Why corporate hybrids are not all they’re dressed up to be (published 27 March 2006)
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Why corporate hybrids are not all they’re dressed up to be (published 27 March 2006)

Every market participant has had something to gain from corporate hybrid securities. Bond fund managers have delighted in high yields; issuers have enjoyed cheap equity. Ratings agencies have been paid for their trouble, investment banks have pocketed juicy fees and traders have revelled in the volatility. But what seems a perfect fit might well fall apart at the seams in an unfolding credit downturn. This will either expose the defects in the market and destroy it or validate hybrids as an asset class.

How did we get here? | And where are we going?

THE LUNCHTIME CONVERSATION has ranged widely over the advantages for corporate issuers of the new breed of hybrid securities, which investment banks have been championing since the summer of 2005 as the next great thing in capital raising.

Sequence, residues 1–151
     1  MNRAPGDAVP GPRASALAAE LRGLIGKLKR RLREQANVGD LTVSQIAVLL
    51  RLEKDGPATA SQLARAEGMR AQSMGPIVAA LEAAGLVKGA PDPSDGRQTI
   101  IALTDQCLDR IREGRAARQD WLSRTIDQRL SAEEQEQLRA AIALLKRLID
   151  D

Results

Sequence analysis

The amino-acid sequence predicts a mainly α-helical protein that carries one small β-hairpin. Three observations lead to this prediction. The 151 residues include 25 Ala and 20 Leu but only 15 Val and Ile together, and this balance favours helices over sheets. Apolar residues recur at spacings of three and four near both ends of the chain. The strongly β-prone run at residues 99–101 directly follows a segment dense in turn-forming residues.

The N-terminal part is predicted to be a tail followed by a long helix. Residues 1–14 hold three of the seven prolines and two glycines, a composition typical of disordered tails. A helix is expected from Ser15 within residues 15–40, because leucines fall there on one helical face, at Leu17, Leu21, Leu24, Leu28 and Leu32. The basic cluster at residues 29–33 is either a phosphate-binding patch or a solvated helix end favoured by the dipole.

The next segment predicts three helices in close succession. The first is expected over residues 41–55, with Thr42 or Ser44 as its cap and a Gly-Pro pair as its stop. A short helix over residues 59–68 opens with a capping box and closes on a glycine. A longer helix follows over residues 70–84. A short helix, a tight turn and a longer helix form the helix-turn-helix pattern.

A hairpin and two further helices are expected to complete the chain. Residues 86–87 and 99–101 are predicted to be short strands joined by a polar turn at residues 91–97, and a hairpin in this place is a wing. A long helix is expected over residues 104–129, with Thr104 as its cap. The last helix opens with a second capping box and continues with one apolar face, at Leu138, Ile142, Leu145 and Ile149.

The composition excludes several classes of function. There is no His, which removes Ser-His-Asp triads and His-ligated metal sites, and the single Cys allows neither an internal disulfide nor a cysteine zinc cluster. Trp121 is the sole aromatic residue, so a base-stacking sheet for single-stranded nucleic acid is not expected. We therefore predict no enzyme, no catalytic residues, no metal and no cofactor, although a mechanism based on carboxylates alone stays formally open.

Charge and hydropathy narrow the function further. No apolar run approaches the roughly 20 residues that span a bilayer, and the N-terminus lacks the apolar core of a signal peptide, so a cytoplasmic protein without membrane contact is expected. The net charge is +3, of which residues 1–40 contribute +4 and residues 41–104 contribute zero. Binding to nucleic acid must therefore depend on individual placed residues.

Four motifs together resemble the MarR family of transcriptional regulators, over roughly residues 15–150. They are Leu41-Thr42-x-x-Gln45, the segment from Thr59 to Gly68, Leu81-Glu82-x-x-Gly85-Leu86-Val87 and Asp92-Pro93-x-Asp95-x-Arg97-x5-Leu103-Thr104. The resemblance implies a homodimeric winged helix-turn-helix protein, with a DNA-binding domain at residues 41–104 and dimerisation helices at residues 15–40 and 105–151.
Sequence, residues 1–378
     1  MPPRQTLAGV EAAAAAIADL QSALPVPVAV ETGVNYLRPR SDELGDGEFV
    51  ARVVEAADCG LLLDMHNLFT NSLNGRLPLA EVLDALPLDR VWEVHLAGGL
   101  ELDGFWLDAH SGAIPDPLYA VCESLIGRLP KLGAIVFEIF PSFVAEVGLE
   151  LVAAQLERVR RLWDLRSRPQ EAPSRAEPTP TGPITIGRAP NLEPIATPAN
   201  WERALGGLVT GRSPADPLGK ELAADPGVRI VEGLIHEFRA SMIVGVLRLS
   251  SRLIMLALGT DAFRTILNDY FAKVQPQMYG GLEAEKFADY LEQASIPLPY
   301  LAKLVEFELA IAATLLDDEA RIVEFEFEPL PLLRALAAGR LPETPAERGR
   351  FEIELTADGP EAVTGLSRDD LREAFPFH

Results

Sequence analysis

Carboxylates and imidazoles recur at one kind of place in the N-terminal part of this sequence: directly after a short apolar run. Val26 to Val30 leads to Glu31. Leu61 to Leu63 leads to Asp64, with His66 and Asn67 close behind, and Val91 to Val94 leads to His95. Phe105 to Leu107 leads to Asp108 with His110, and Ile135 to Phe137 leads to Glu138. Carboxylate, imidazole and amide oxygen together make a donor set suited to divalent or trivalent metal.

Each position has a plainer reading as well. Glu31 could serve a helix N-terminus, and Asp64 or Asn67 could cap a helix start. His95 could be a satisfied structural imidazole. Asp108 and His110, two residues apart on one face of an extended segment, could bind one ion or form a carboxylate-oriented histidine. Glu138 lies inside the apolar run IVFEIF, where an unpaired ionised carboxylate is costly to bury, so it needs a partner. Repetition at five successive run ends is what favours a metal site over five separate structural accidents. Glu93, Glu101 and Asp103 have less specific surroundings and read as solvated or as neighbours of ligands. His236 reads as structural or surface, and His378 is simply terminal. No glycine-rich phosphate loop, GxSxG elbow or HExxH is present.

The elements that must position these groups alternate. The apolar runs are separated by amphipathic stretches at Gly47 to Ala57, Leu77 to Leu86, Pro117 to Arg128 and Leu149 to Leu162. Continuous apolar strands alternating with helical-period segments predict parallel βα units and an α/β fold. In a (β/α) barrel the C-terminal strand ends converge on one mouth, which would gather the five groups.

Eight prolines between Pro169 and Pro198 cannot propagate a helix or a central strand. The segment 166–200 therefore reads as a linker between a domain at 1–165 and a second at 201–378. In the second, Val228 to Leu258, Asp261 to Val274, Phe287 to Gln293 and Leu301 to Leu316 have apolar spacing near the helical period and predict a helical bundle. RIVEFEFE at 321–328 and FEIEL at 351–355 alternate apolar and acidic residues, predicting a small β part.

Ratings agencies regard these subordinated, perpetual or very long dated bond deals as comprising between 50% and 75% permanent equity capital on the balance sheet. Accountants agree. Maturities can extend and coupon payments be deferred, so providing a loss-absorbing cushion to senior creditors. Yet tax authorities treat the high coupon payments as debt-like interest costs to be paid from pre-tax earnings. And hybrids don’t dilute existing shareholders.

It’s a dream combination.

Over his aperitif, the banker has enthused about hybrids’ potential for financing goodwill on acquisitions, helping bidders stretch their offer prices and funding corporate pension liabilities – all while shoring up credit ratings. Over the main course, he has talked earnestly about lowering companies’ weighted average cost of capital and boosting shareholder returns. It’s only a wonder that more companies haven’t already sold them.

For investors, though, the high yields on these subordinate instruments have to compensate for a lot of risk and uncertainty.

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